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Next time the USA or Israel want an Iranian tanker seized..

Discussion in 'Personal' started by MAGAorMIGA, Jul 20, 2019.


    MAGAorMIGA Star commenter

    ….they can do it themselves! Look at the bind we're in now, and I feel for that poor tanker crew seized in the Strait of Hormuz.
    What this episode has done is to highlight the effects of the Tory cuts to our military and naval power. Our impotence has been exposed. We are no longer capable of carrying out the most basic of military adventures from long-range without American, Saudi or Israeli assistance. The problem is that Trump has always expressed his distaste for military adventurism in the Middle East. He may have hawkish advisers like Bolton and Pompeo but is unlikely to commit to war, particularly on our behalf if there's no obvious benefit for America itself.
    hplovegame48 likes this.
  2. florian gassmann

    florian gassmann Star commenter

    Gibraltar is still maintaining that nobody asked it to seize the Grace 1. It did so because it was bound for Syria, thus breaking EU sanctions against Iran.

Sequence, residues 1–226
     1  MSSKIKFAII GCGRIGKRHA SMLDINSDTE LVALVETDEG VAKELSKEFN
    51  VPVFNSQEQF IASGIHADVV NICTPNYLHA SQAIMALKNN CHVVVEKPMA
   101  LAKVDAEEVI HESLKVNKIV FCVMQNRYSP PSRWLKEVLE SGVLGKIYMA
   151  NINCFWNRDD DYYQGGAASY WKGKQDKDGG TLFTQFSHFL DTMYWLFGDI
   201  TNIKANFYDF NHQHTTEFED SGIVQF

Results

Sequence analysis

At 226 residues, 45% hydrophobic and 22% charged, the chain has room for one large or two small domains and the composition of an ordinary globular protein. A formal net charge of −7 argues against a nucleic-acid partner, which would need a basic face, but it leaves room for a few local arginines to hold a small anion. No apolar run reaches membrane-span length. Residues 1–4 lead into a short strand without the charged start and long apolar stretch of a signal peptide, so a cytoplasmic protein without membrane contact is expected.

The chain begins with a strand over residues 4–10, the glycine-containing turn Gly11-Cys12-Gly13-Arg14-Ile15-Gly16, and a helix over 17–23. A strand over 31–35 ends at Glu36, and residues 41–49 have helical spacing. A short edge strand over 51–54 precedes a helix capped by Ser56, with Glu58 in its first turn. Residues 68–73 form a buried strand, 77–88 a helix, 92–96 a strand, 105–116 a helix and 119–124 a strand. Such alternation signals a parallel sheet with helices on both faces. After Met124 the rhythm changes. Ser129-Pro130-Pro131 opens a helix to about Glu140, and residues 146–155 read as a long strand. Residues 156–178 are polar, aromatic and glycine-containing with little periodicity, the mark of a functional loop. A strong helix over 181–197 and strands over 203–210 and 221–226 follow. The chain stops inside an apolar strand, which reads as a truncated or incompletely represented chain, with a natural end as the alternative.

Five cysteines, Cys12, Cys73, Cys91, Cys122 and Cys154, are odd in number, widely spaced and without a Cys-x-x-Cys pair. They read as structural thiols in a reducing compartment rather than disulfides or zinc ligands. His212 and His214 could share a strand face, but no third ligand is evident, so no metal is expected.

What I don't understand is why the tanker can't be escorted back to the place from which it came, to ensure that it doesn't go to Syria. But instead, the Supreme Court of Gibraltar has just ordered that it remains impounded for another month. Doesn't seem helpful.

    MAGAorMIGA Star commenter

    We all know the diplomatic niceties around "plausible deniability" but the fact is that it was widely reported that the Marines on Gib were asked to seize the tanker by CIA/Mossad.
  4. florian gassmann

    florian gassmann Star commenter

    But no evidence; no proof. Gibraltar claims that it was enforcing the sanction the EU has had in place for nearly a decade that restricts oil sales to Syria.

    Iran needs an ambassador to leak some emails in support of their claim.
    Last edited: Jul 20, 2019
  5. artboyusa

    artboyusa Star commenter

    "Widely reported" where?